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Technical Briefs

The Effect of Fill Volume on Heat Transfer From Air-Cooled Thermosyphons

[+] Author and Article Information
Christina A. Pappas

Graduate Student
Department of Mechanical and Aerospace Engineering,
University of Virginia,
122 Engineer's Way,
Charlottesville, VA 22904
e-mail: caj5p@virginia.edu

Paul M. De Cecchis

Major U.S. Army
Aviation Applied Technical Directorate,
Fort Eustis, VA 23604
e-mail: pauldececchis@us.army.mil

Donald A. Jordan

Senior Research Scientist
e-mail: dj8n@virginia.edu

Pamela M. Norris

Professor
Fellow ASME
e-mail: pamela@virginia.edu
Department of Mechanical and Aerospace Engineering,
University of Virginia,
122 Engineer's Way,
Charlottesville, VA 22904

1Corresponding author.

Contributed by the Heat Transfer Division of ASME for publication in the Journal of Heat Transfer. Manuscript received March 26, 2012; final manuscript received November 19, 2012; published online March 20, 2013. Assoc. Editor: Bruce L. Drolen.

J. Heat Transfer 135(4), 044504 (Mar 20, 2013) (4 pages) Paper No: HT-12-1133; doi: 10.1115/1.4023039 History: Received March 26, 2012; Revised November 19, 2012

The effect of fill volume on the heat transfer performance of a cylindrical thermosyphon with an aspect ratio (ratio of the length of the evaporator section to the inner diameter) of 2.33 immersed in a cooling air flow is investigated. The fill volume was systematically varied from 0% to 70.3% of the volume of the evaporator section in a copper-water thermosyphon having an inner diameter of 19 mm. The condenser section was immersed in a uniform air flow in the test section of an open return wind tunnel. The heat transfer rate was measured as a function of evaporator temperature and fill volume, and these results were characterized by three distinct regions. From 0% to roughly 16% fill volume (Region I), the low rate of heat transfer, which is insensitive to fill volume, suggests that dry out may be occurring. In Region II (extending to approximately 58% fill volume), the heat transfer rate increases approximately linearly with fill volume, and increasing evaporator temperature results in decreased rate of heat transfer. Finally, in Region III (from roughly 58–70.3%), the rate of heat transfer increases more rapidly, though still linearly, with fill volume, and increasing evaporator temperature results in increased rate of heat transfer. The thermosyphon rate of heat transfer is greatest at 70.3% fill volume for every evaporator temperature.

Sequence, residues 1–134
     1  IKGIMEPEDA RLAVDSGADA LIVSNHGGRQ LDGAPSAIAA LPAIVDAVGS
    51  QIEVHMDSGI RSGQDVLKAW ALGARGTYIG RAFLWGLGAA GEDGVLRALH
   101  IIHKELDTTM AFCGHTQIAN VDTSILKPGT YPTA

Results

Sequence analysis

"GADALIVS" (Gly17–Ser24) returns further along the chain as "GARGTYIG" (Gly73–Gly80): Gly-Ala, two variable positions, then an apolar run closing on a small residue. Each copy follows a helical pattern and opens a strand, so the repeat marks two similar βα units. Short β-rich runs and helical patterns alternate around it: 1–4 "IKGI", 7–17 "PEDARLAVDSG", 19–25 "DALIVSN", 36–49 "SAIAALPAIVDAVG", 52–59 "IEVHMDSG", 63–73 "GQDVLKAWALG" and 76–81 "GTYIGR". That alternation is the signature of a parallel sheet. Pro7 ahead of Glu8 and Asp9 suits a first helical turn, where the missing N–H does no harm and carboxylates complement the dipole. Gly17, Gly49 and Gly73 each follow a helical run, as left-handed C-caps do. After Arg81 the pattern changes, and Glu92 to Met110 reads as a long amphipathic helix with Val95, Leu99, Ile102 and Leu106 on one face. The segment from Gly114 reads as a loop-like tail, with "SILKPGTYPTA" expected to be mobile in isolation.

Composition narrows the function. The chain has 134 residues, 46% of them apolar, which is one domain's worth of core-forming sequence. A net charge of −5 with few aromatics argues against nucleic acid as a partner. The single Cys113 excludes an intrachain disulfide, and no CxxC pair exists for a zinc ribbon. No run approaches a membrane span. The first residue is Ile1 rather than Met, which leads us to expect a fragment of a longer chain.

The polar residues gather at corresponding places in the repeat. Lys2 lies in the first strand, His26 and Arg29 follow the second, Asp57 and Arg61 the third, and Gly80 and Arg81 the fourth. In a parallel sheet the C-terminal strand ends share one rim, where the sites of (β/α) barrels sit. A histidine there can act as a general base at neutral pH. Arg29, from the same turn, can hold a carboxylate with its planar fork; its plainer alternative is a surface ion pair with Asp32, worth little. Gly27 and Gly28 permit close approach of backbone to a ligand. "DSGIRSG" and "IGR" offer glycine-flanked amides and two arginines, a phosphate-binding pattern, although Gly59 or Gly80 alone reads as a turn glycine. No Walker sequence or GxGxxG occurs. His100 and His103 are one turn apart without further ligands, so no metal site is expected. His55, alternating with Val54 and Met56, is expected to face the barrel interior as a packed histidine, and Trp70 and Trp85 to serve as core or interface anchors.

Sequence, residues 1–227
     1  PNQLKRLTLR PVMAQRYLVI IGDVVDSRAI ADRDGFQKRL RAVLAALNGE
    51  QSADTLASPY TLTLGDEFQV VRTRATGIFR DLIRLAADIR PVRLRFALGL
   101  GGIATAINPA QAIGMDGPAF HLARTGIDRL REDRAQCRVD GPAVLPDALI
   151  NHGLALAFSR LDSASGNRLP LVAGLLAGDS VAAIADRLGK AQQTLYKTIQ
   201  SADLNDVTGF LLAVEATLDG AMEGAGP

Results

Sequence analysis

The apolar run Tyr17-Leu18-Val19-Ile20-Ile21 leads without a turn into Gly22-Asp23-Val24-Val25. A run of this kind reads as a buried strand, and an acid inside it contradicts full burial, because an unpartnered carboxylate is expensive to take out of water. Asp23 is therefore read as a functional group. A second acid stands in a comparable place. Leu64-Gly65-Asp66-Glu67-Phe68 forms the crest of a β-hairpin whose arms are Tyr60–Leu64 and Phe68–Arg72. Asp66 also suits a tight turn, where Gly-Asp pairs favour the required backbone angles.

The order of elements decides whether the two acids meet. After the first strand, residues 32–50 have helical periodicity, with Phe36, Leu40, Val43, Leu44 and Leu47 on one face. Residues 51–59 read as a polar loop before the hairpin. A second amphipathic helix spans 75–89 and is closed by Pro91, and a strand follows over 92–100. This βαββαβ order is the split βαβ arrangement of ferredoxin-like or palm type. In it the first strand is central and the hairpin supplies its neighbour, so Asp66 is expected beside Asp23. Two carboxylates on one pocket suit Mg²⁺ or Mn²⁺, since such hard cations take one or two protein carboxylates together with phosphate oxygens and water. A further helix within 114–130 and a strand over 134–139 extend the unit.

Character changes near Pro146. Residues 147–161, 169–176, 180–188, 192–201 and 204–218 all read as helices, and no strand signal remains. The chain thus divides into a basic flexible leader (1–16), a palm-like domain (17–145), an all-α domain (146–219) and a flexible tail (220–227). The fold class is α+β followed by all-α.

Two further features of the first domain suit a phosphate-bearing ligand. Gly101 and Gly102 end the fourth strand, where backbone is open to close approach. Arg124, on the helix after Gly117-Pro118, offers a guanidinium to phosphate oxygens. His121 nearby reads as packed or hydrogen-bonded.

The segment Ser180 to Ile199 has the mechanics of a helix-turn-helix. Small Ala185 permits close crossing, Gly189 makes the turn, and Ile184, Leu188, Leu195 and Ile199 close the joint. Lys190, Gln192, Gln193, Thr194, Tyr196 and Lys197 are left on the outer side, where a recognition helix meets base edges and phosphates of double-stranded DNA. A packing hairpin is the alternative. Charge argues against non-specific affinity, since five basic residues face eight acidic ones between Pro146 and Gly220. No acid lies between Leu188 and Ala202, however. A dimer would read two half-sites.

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References

Figures

Grahic Jump Location
Fig. 1

An illustration of the steady state nature of the experiment where the rate of heat transfer to the airstream, Q·out, is equivalent to the power input to the electrical cartridge heaters, Q·in

Grahic Jump Location
Fig. 2

An illustration of the thermosyphon and heater block used in these experiments, including the locations of the five thermocouples placed along the length of the condenser section (spaced equally apart at distance of 50.8 mm)

Grahic Jump Location
Fig. 3

A diagram illustrating the configuration of the vacuum system, fluid reservoir, and the thermosyphon

Grahic Jump Location
Fig. 4

The rate of heat transfer for four evaporator temperatures at various fill volumes and the predicted rate of heat transfer for the 149 °C evaporator temperature (an example error bar for the Zhukauskas correlation is provided at 70.3% fill volume for the 149 °C evaporator temperature)

Grahic Jump Location
Fig. 5

The surface temperature distribution along the length of the thermosyphon for selected fill volumes in each region at the 149 °C evaporator temperature

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